More Top Stories

Regional
Rugby league
Local
Pacific Islands

Pacific news in brief

12 August 2022

Court
National

Competitor at heart

11 August 2022

National

Final counting underway

10 August 2022

Local

The ride of their lives

8 August 2022

Sports
Culture
Opinion
Commonwealth Games
Culture
Environment
Local
Netball
Rugby Union
Editorials

Fiji political polls point to a shift in allegiances says Fijian academic

Thursday 28 April 2022 | Written by RNZ | Published in Fiji, Regional

Share

Fiji political polls point to a shift in allegiances says Fijian academic
Photo: RNZ

Campaigning is underway for the general election in Fiji and early predictions are pointing to a shift in allegiances.

No date has been set yet for the general election in Fiji.

The ruling Fiji First Party led by Prime Minister Frank Bainimarama scraped through at the last election four years ago with the slimmest of margins.

Director of the MacMillan Brown Centre of Pacific Studies at the University of Canterbury, Professor Steven Ratuva said Fiji First's popularity was polling more than 60 percent in the 2014 election.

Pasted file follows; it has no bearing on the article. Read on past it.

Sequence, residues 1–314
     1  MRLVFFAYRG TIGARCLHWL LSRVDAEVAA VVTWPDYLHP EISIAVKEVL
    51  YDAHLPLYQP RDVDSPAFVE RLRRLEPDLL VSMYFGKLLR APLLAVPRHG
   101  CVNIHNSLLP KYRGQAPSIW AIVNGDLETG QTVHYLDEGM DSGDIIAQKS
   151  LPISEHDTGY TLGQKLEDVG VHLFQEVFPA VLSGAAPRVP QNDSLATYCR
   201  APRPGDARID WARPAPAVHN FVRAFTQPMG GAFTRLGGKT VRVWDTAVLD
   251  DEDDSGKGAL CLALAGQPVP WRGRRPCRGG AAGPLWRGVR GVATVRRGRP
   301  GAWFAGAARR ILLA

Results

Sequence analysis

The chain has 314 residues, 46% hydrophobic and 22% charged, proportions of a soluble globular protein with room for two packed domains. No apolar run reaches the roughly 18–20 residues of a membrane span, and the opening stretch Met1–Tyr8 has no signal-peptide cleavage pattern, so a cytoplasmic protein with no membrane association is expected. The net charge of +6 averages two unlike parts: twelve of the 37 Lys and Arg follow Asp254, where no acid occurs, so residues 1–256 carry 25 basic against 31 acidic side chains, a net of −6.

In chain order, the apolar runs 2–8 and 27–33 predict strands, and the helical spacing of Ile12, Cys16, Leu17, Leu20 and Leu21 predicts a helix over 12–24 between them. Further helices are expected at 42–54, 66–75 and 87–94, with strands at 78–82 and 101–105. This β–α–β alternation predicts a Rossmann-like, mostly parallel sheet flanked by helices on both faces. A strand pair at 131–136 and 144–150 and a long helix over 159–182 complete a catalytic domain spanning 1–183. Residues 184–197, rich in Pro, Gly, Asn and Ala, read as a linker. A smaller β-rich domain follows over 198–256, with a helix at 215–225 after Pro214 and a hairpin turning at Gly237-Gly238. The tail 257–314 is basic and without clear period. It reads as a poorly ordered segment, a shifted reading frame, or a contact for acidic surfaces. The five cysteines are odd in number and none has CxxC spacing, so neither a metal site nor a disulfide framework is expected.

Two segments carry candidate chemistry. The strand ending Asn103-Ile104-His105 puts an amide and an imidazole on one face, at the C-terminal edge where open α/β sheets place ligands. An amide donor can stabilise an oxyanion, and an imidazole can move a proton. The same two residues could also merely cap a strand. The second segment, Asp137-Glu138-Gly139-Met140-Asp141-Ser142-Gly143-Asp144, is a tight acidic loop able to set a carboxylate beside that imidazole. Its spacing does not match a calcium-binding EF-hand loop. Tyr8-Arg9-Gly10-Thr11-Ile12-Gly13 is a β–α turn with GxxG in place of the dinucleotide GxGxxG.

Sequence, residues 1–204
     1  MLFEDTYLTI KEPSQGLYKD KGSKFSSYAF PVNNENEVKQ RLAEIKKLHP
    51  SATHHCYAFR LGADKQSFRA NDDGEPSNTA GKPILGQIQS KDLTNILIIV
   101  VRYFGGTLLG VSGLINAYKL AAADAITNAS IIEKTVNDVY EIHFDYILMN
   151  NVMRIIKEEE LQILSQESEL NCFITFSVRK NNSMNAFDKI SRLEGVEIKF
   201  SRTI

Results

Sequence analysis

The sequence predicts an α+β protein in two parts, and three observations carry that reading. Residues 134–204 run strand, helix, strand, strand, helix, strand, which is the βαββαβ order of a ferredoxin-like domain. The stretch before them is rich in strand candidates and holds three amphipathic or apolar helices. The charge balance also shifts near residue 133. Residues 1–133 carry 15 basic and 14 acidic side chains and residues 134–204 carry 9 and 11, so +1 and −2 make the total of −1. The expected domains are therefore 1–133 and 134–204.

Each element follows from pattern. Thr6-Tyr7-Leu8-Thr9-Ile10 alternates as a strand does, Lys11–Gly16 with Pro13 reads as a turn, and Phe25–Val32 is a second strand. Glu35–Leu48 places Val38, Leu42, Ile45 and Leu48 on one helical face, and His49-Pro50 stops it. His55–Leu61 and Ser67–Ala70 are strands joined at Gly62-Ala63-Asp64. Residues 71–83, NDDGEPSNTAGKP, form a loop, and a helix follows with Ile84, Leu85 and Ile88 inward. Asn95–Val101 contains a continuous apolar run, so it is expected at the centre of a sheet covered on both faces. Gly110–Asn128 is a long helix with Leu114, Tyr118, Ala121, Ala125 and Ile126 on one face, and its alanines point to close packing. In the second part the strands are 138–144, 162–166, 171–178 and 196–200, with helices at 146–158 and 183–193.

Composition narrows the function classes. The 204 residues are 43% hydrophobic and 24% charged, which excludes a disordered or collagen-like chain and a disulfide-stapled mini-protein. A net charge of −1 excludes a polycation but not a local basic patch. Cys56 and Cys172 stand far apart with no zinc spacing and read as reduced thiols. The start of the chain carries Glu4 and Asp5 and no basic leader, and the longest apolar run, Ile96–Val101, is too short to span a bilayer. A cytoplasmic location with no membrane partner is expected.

The head of the MacMillan Brown Centre for Pacific Studies at New Zealand's Canterbury University, Steven Ratuva.
The head of the MacMillan Brown Centre for Pacific Studies at New Zealand's Canterbury University, Steven Ratuva. Photo: Supplied/Steven Ratuva

He said in 2018 they were closer to 50 percent, and now the polls are indicating popularity levels as low as 22 percent.

"So that alone, if you do another poll and another one, if it talks about the same thing and even if you have a margin of error of about 10 or 20, that means it's going to be a major shift in the political gravity, and there might be a change of government.

Unfortunately, we don't have consistent polling in Fiji, this is when they should be doing it, the major papers like the Fiji Times, the Fiji Sun," he said.

"It's important for the people of Fiji at this particular point in the election to be engaged in the democratic process of providing their views as to who should be there, before the actual election itself. And it's good for political parties as well, whether you are in power or whether you are in opposition," Ratuva said.